PM notes significance of US presidential inauguration on Martin Luther King Day
PORT-OF-SPAIN, Trinidad, Wednesday January 23, 2013 – The Trinidad and Tobago government has described as “ironic” the inauguration of President Barack Obama on the day the United States observes a public holiday marking the birthday of slain civil rights leader Martin Luther King.
“The inauguration of Barack Obama as the President of the United States realizes the dream of equality expressed by Martin Luther King Jr and it holds particular pride for our own diverse nation today as we join in celebration with hundreds of millions of people across the planet,” Prime Minister Kamla Persad Bissessar said in a statement on Monday.
“It is ironic that President Obama was sworn in on Martin Luther King Day. No one could have predicted nor determined that Barack Obama's inauguration would occur on the very day set aside for both the observation of the life and birth of an historic figure who dreamt of an America where colour no longer mattered and the official inauguration of the 44th President of the United States of America.
“It is my belief that this event is the fulfillment of a destiny etched in the soul of a nation some 50 years ago,” she said, adding that “we should all consider ourselves fortunate to have seen this occur in our lifetime.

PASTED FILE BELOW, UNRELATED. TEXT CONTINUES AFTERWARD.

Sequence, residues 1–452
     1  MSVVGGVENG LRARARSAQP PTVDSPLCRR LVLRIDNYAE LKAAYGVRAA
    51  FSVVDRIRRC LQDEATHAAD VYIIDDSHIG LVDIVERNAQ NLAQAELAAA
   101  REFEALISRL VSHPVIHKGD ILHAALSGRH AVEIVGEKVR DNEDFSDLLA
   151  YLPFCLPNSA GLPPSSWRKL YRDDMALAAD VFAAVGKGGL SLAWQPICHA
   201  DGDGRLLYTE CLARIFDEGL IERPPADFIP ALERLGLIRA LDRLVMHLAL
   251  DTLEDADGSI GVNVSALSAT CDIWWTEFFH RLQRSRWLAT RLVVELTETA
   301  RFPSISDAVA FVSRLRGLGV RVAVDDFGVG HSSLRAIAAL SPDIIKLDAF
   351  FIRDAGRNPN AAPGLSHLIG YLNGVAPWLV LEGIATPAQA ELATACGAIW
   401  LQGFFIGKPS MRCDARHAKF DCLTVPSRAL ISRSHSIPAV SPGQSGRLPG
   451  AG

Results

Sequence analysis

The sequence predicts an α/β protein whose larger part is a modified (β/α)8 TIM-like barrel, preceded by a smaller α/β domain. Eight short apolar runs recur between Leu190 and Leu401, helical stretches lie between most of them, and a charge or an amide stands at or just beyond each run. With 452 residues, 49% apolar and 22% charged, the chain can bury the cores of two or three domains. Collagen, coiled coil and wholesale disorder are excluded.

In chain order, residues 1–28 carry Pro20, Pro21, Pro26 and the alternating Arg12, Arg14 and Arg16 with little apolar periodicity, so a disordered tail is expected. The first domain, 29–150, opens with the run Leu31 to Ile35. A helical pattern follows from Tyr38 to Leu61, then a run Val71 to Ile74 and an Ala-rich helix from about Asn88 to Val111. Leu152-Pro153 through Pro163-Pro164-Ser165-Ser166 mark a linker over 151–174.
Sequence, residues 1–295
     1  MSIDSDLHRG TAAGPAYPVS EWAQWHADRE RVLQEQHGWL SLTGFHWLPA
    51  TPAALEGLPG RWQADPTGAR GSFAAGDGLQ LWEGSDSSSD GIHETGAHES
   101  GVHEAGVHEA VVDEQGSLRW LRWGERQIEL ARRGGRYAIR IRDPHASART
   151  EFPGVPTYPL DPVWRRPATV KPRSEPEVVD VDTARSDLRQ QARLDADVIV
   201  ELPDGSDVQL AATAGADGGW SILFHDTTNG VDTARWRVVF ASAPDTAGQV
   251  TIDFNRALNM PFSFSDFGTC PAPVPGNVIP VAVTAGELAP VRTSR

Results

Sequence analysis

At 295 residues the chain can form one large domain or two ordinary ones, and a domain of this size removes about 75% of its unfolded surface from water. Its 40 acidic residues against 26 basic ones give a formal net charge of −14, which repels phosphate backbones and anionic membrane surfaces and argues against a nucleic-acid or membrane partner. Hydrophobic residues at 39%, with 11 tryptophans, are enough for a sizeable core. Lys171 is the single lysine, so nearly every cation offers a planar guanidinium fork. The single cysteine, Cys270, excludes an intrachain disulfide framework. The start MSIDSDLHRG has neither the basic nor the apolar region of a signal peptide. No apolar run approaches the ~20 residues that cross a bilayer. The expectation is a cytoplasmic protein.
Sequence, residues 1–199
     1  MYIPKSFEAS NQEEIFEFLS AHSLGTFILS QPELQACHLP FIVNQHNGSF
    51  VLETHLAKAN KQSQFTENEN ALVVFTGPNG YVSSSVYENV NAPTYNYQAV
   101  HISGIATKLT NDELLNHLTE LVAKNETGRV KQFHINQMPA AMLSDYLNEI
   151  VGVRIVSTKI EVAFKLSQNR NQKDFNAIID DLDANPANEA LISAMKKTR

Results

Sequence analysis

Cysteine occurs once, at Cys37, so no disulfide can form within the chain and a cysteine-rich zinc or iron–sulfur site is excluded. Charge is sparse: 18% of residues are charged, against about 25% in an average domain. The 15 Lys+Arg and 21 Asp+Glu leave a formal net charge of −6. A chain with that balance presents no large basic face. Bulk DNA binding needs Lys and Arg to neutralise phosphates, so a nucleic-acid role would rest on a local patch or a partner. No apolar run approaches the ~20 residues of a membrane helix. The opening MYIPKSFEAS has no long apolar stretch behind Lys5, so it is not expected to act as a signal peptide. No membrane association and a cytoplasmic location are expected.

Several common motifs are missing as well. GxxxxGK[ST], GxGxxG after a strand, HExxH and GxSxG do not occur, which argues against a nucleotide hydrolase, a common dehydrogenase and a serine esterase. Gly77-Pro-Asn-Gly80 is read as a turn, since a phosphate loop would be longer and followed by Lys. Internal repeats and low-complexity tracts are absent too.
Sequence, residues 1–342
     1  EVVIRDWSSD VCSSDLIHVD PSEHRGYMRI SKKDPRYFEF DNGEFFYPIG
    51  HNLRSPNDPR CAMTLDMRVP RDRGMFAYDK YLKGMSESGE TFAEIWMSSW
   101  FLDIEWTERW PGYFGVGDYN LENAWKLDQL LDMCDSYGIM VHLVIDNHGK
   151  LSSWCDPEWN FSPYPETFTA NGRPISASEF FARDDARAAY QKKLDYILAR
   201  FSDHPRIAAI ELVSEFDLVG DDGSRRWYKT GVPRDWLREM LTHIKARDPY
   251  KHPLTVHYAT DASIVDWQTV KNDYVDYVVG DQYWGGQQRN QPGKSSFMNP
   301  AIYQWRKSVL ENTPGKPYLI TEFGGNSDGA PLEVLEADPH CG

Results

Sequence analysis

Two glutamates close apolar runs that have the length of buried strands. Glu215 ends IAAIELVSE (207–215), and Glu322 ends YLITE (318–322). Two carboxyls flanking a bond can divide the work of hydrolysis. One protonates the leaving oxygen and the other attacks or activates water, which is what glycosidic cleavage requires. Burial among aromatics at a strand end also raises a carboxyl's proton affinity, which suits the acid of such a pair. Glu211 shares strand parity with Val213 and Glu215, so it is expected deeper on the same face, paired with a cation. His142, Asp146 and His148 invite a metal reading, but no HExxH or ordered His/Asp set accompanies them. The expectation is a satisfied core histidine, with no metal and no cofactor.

“It opens up our minds to the world of possibilities available to each of us regardless of who we are and what obstacles may lie in our way. The story and life of Barack Obama is a beacon to the world that points the way in which each of our own destinies can be fulfilled against all odds,” she added.
Meanwhile, Caribbean American Congresswoman Yvette D. Clarke says the inauguration of President Obama for his second term, should also serve as a reminder of the work done by King, “whose work contributed to this historic occasion”.
Clarke, the daughter of Jamaican immigrants, told the Caribbean Media Corporation (CMC) that King dedicated his life to the idea that all Americans, regardless of their skin colour, deserved equal rights and opportunities.
“Dr. King fought back against bigotry, hatred, and intolerance not through violence or threats, but through peace and understanding. He bravely led demonstrations and marches against intolerance, remaining peaceful even when confronted with violence,” said Clarke, the representative for the 9th Congressional District in Brooklyn, New York.
King, an important civil rights activist, was the leader in the movement to end racial segregation in the United States. He became the youngest man to be awarded the Nobel Peace Prize. He was assassinated in 1968.(CMC) Click here to receive free news bulletins via email from Caribbean360. (View sample)